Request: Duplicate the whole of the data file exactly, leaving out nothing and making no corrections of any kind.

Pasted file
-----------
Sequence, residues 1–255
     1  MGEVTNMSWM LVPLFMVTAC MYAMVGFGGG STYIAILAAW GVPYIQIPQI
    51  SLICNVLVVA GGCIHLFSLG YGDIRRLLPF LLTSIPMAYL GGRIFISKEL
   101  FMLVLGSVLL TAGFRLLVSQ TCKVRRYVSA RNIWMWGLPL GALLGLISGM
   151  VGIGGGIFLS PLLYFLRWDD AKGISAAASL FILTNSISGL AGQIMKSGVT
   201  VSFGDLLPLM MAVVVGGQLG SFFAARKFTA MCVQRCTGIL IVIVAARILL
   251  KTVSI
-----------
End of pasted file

Sequence, residues 1–255
     1  MGEVTNMSWM LVPLFMVTAC MYAMVGFGGG STYIAILAAW GVPYIQIPQI
    51  SLICNVLVVA GGCIHLFSLG YGDIRRLLPF LLTSIPMAYL GGRIFISKEL
   101  FMLVLGSVLL TAGFRLLVSQ TCKVRRYVSA RNIWMWGLPL GALLGLISGM
   151  VGIGGGIFLS PLLYFLRWDD AKGISAAASL FILTNSISGL AGQIMKSGVT
   201  VSFGDLLPLM MAVVVGGQLG SFFAARKFTA MCVQRCTGIL IVIVAARILL
   251  KTVSI